SUPPOSEDLY, Ford fixed the spark plug problem on the Triton engine series (4.6L V8, 5.4L V8, and 6.8L V10) starting with the 2003 model year.
There was a larger component to the problem than the plug extending into the combustion chamber; the real problem was that Ford only put about seven threads to hold the plug into the roof of the combustion chamber. They only threaded about half, if that, of the thickness of the combustion chamber roof. The heads are, of course, aluminum.
So what happened is that the aluminum gets hot, it's soft to start with, and with only seven threads there, the plugs start to back out a little. Heat seeps up into the threads, further softening and loosening, allowing the plug to back out even more, until finally the force of combustion blows the plug right out of the head, trashing the threads and destroying the coil-on-ignition pack that is on each plug.
How do I know? I had a 2001 Excursion with the V10 that did this. Ford would not back it, either.
There is a company called Time-Sert that makes a repair kit to fix this problem. It is that common. The repair is an insert that looks much like an upside down top hat, that is made out of high strength steel. What you do is drill out the old threads and enlarge the hole to a much bigger diameter. You then tap the new hole for the ENTIRE depth of the combustion chamber roof, so you have 15-20 threads now holding it, instead of 7, and the diameter is three times as big. So you have fantastic gripping force now. OK, so you then apply permanent lok-tite to the insert and run it into the newly drilled and tapped hole and torque it to 20 ft-lbs. The inside of this insert is exactly the contour of the original combustion chamber spark plug hole, so you can use the original plugs. Last step, you run this mandrel through the newly installed insert, and it swells the "head" of the insert on the inside of the combustion chamber, like a rivet. So there is no way in the world it is ever coming out. This is the correct repair.
I have this kit, and a few extra inserts. So if you buy the Ford and it blows up, I can fix it for you cheap. The inserts themselves are about $9 each. The kit cost about $400, because of the special tooling that had to be made to allow a guy to do this repair with the engine still in the vehicle.
Oh yeah, on a Super Duty Ford, you have to pull the engine to get the head off; there isn't room to remove the head with the engine still in the truck. And, you cannot simply pull the engine out through the hood. There isn't room. You have two choices: (A) unbolt the front suspension and the front cross member and drop the engine out the bottom, or (B) undo the body bolts, wiring, linkages, etc., and lift the body off the frame and set it somewhere. Then you can get the engine out.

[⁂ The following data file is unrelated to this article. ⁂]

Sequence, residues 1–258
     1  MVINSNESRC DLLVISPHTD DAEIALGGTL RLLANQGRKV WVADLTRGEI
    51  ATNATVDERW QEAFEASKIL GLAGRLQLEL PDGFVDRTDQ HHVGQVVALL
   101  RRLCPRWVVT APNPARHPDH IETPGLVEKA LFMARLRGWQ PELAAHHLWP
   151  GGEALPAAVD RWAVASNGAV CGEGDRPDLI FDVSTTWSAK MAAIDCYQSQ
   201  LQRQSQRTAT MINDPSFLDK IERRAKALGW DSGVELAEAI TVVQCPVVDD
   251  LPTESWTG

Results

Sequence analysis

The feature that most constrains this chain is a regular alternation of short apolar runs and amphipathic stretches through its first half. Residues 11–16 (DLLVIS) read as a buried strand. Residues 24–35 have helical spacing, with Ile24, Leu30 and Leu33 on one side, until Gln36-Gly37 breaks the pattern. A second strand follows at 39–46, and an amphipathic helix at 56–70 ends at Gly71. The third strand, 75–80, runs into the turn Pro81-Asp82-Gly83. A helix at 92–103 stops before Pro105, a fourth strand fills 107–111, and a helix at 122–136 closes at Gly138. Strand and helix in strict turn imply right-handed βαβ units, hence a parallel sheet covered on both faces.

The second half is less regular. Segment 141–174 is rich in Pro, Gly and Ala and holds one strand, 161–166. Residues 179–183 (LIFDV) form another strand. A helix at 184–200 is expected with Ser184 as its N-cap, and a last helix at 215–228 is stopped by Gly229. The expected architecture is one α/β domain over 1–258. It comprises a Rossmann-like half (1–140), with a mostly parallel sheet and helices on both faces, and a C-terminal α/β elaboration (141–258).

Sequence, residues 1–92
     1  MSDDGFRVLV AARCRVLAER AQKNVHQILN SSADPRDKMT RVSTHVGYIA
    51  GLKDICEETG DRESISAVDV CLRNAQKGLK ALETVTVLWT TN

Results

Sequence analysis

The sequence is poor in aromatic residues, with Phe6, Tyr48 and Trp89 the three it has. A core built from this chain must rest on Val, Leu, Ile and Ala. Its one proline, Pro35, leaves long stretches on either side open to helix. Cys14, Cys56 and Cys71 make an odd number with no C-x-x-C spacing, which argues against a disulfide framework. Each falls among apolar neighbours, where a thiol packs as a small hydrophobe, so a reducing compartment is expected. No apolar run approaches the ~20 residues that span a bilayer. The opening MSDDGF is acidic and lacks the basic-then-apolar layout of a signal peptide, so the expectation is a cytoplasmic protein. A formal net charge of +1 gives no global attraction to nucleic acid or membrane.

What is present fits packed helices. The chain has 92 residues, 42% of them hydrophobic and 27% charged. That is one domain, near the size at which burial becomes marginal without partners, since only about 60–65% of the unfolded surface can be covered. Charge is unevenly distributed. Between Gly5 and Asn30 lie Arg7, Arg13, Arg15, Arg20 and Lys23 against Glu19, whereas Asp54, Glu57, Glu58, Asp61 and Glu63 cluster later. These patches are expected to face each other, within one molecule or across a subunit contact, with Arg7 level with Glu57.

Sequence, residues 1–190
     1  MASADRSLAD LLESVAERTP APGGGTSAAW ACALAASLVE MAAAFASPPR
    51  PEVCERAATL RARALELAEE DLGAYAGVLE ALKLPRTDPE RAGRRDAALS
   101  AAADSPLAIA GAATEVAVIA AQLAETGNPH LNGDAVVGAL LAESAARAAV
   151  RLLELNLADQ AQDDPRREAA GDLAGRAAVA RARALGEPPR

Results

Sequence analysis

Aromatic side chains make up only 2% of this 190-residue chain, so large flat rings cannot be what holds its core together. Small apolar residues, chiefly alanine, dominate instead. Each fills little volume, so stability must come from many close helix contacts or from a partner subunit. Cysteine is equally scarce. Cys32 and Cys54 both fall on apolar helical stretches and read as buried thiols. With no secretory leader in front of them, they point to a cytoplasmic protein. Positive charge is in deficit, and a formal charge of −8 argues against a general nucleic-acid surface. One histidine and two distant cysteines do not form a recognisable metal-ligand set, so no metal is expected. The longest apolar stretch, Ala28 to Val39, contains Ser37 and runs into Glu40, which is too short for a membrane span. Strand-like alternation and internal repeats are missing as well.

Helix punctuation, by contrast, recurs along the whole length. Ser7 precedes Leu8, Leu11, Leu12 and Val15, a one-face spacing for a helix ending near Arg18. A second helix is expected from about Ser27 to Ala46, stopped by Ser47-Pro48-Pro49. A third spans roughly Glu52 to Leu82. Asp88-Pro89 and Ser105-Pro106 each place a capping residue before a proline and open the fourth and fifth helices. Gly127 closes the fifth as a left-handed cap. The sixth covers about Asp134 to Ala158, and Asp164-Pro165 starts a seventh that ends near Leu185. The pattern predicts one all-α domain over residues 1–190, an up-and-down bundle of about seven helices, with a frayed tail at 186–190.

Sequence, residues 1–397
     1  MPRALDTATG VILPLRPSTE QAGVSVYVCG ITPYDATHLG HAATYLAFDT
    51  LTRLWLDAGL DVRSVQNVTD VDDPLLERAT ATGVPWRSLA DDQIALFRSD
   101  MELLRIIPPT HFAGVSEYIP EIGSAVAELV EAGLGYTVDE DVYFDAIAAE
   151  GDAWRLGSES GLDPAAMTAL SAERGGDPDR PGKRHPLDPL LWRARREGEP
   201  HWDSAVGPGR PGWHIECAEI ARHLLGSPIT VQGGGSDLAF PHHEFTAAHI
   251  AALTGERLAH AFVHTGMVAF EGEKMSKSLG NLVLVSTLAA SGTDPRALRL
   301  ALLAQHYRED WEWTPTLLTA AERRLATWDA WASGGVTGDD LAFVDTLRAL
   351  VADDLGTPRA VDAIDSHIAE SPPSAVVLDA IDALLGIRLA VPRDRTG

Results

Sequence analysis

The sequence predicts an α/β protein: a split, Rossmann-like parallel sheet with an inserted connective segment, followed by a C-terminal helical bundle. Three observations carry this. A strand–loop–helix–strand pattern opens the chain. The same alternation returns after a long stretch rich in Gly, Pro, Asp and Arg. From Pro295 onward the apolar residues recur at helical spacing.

The 5.4 V8's were notorious for blowing the passenger side rearmost plug. The V10's would blow either that one or the one just in front. Mine blew the one just in front of the rear most passenger side plug.
I liked the Excursion a lot. It was a really nice vehicle, and it towed very nicely. But after it blew up like that and Ford told me to pound sand, I fixed it myself and got rid of it.
I bought a new Dodge Ram with the Cummins turbo diesel and never looked back. All I do now is turn the key and drive.
Truthfully, I think you should look hard at a Dodge with the Cummins. They are hard to beat. The trucks may not be quite as fancy as the Ford's, but you don't have much trouble with them, the Cummins is stout as all get out and will outlast any of the other diesels (much less a gasser), and they get good mileage to boot. As well, all the tranny issues I've ever heard of with Dodge's have been with the half ton models. I know a lot of guys with the 3/4 ton diesels with automatics and none of them have ever had a transmission problem (at least not before they modified their Cummins engine to make 800hp and 1500
ft-lb of torque....but all bets are off once you start doing that...have to call ATS and have them build you a super tranny at that level....)
Oh yeah, my first car was a '72 Dodge Polara with the 360 V8 (5.9L...should be the same engine as in this truck you're looking at). It had 274,000 miles on it when the thrust bearing finally wore out. It never did blow up, but she was using a lot of oil at that point. The 360 is a good engine; they built it forever (it started as the 273, got enlarged to the 318, then the 360). It'd probably do you OK. But you can't beat a diesel for towing.
Anyway, best of luck. If you want a Ford, I'd say get a Powerstroke. Otherwise, get a Dodge.